Thursday, 22 November 2018

Recent Publications: Modern Poetry In Translation & Sherlock Holmes Is Like...

I've recently had a couple of essays (or, a review and an essay) published in print, which for me at least is less common these days, and is always a special delight. (It's not as good for sharing widely, but it has a little extra gravitas and permanence.)

My review of a translation of Benjamin Fondane's Ulysses (translated by Nathaniel Rudavsky-Brody, Syracuse University Press, 2017) appears in 'In a Winter City' (Modern Poetry in Translation, No. 3, 2018). I cannot deny that I am very excited about this. On social media I often see people talking about their "dream journals" for publication: Modern Poetry in Translation is mine. Hopefully I'll get one of my own translations in there some day. I also love Fondane, and it was a privilege to review this excellent translation from the original French. You can access a full table of contents, buy a print copy, subscribe to the journal (which I highly recommend) and read a few of the poems here, but the review and most of the issue is only available in print or by a digital subscription. The focus of this issue, which my review sits outside of, is Hungary and Ted Hughes. It's 20 years since Hughes died, and as one of the founders of MPT, he dreamed of a Hungarian issue but didn't edit one in his lifetime.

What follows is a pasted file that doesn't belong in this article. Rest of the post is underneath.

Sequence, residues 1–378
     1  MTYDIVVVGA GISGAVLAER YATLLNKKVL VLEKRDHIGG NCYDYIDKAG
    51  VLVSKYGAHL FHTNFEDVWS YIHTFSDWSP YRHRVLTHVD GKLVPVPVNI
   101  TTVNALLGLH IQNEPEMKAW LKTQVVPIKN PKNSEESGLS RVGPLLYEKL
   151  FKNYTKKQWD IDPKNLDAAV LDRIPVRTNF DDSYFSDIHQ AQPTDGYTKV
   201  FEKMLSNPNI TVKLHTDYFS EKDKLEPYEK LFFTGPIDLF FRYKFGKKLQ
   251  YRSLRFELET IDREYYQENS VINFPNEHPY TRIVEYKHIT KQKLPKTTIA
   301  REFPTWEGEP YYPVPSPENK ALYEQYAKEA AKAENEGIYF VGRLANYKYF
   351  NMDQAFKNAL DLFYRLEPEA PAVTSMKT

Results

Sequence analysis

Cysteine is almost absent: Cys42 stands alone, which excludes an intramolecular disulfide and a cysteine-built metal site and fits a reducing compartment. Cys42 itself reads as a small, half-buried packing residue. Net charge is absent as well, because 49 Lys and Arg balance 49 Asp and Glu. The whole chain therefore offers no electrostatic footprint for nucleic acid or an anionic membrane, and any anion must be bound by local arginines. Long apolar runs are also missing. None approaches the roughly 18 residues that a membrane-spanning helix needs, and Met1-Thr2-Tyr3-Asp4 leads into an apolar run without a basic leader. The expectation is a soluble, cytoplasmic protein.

The essay is non-poetry, but I am also proud of it - and oddly enough, I managed to quote Ted Hughes in it. It's entitled 'Tinker Tailor Sherlockian Spy: George Smiley', and it appears in Sherlock Holmes Is Like, published by Wildside Press. Edited by Christopher Redmond, this book contains 60 essays comparing Sherlock Holmes and characters of fact and fiction ranging from Loki to The Beatles (and everyone between that you can think of). As I'm quite immersed in spy literature, especially John le Carré, these days, it was a natural choice to pick le Carré's master spy George Smiley for this commission, especially as le Carré has often spoken of the inspiration he found in the Sherlock Holmes stories from a young age. You can buy the book directly from the publisher or from the other usual outlets. Authors weren't paid, and royalties go to the Sherlockian charity The Beacon Society.

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